How to Buy Foreclosures at the Courthouse Steps
I’m sure you have heard that the best foreclosure deals are found at the county courthouse steps. This may or may not be true, but for sure, you can find great deals at the courthouse steps. Here you will learn how to buy foreclosures at the courthouse steps.
But, what do you need to know? How do you go about it? How does it all work? Can I do this? These are all questions that most of us ask, and want to know about buying homes or other property at the courthouse steps.
Just like any other form of investment, the single most important thing you can do is to educate yourself.
You must take it seriously, or you can easily lose your shirt. However, if you do your research, study, and diligence, it is possible to find real bargains that you can buy and resell, or buy and rent out for a nice profit, or a steady income stream.
Fish in a Smaller Pond If you are a smaller investor with limited funds, you may have to find a county that is not in a large metropolitan area. These bigger counties will often have bidders with deep pockets, that can make it difficult, if not impossible for smaller investors to compete for properties.
This is not to say that it can’t be done, but it could take a lot more time, research, and patience to accomplish. If you look into counties that are a bit further away from major cities, you will find that there are usually fewer bidders, and the price of the properties up for bid are lower.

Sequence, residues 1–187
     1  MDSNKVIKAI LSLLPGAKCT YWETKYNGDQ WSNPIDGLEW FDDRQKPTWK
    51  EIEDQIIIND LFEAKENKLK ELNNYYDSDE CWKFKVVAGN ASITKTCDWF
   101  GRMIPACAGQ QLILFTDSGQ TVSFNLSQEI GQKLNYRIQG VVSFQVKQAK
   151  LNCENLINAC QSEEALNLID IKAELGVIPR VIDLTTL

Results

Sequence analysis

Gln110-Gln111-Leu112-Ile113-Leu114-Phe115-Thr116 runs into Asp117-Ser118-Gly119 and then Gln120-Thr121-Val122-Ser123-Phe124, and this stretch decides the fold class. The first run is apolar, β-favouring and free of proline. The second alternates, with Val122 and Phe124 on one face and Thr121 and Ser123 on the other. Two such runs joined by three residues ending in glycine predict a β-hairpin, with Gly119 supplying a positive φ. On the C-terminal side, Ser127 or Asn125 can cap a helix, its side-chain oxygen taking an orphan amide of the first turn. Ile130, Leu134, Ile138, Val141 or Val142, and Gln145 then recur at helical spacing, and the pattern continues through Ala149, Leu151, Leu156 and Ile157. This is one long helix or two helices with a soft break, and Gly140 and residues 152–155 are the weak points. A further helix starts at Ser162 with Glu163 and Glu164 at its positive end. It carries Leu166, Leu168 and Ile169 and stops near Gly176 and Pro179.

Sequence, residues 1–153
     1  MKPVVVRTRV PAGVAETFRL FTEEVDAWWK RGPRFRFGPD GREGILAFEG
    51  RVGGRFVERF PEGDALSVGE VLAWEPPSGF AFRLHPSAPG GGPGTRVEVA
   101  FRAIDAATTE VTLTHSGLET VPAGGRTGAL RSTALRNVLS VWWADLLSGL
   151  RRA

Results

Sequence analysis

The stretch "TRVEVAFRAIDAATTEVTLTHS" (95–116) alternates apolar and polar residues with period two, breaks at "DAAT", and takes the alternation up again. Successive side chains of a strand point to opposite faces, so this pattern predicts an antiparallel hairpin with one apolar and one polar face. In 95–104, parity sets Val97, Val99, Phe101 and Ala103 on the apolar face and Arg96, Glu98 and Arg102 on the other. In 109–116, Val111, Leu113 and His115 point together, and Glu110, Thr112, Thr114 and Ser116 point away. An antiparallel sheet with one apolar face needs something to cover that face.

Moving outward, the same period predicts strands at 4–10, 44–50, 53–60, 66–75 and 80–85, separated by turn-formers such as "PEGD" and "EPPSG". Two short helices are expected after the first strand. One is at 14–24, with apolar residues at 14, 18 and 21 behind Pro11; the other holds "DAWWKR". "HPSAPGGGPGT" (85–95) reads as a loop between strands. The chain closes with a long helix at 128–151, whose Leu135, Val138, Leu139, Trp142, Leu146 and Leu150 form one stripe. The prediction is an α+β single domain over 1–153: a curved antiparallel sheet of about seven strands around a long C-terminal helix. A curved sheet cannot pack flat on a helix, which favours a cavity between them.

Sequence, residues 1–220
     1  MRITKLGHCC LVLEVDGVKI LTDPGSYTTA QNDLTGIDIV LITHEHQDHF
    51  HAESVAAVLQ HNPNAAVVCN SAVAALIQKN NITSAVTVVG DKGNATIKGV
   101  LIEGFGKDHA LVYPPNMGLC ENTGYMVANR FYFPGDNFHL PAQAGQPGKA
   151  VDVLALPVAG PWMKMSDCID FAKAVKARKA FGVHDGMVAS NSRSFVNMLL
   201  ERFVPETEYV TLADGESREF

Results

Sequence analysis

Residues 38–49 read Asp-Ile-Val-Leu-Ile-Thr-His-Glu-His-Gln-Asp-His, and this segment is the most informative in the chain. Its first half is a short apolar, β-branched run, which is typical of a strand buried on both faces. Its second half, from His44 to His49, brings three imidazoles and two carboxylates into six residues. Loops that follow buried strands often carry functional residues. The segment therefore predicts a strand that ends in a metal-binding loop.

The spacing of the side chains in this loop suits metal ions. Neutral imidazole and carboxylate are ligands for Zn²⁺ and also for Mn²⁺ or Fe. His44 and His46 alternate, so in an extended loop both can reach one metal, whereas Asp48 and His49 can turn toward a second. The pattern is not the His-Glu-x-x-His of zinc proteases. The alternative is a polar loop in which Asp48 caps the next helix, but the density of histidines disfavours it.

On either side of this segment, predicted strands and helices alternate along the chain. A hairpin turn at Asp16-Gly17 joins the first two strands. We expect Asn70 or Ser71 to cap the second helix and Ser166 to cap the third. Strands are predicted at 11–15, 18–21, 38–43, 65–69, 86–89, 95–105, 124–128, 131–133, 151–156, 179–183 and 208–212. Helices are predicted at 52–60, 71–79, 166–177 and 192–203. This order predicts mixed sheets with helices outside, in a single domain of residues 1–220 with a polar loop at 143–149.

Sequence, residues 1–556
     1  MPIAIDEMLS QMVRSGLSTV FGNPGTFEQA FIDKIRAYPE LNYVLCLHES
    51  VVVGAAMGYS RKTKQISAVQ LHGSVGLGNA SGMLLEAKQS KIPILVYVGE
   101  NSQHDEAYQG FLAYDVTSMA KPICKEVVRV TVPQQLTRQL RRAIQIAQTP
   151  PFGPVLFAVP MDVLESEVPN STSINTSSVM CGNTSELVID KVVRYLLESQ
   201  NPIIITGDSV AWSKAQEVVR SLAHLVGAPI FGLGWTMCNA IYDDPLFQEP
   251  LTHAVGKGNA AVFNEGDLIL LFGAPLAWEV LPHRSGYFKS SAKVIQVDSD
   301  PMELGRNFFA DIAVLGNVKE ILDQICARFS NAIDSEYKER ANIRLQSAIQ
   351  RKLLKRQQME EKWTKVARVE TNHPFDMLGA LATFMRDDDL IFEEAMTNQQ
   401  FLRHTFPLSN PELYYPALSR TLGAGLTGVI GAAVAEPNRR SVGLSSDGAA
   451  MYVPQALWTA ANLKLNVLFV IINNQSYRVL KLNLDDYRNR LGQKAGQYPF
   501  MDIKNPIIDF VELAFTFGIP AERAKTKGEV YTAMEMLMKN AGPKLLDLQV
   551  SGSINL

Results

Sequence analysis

You Need Cash Courthouse step sales take place at a county courthouse. Most, if not all county courthouses will require cash at the sale. Every county will have specific rules about how deposits, and payments are handled.
Be sure that you know what these specific rules are for your county of bidding, as misinformation could cost you a winning bid. These specific rules are announced by the auctioneer at the sale, prior to the start of bidding.
You should also be able to learn this information from the newspaper that the auction is advertised in, or online at the county website.
This cash payment policy is both good, and bad. It is good in that it will separate out a lot of bidders.It is bad of course, because you have to come up with a good amount of cash ordinarily in order to bid. There can be a variance as to how the cash is accepted for the bid.
Check with the county in which you live, or want to buy, to see what they require. Nowadays, counties have a website that you can access to learn a lot about how sales work in their particular location.
You Need to Educate Yourself It is vital that you know exactly what you are doing before you undertake the courthouse steps bidding process. These sales are posted in the local newspaper, and on the designated website, usually the county government website.
You can also use the website or go to the courthouse, and look in their books, to find out some history about the property, and the owner, or owners.
Keep in mind that any back taxes that are owed, any liens on the property, or any other outstanding debts attached to a given property, will have to be paid by you the bidder, in addition to what you pay for the property itself.
You should also know what the assessed value is of the property that you are interested in. You also should do a comparable search of like homes in the area that have recently sold. If you have a friend or relative that is a real estate agent, they can easily get this comparable search information for you.
You can also go online to any of the popular real estate websites, and often find pictures and information on the homes you are interested in. Some to the most visited are: realtor.com , zillow, and trulia. Keep in mind though that the information and pictures on these real estate websites may not be recent, and as a result, may not be completely accurate as to the physical condition, and amenities currently.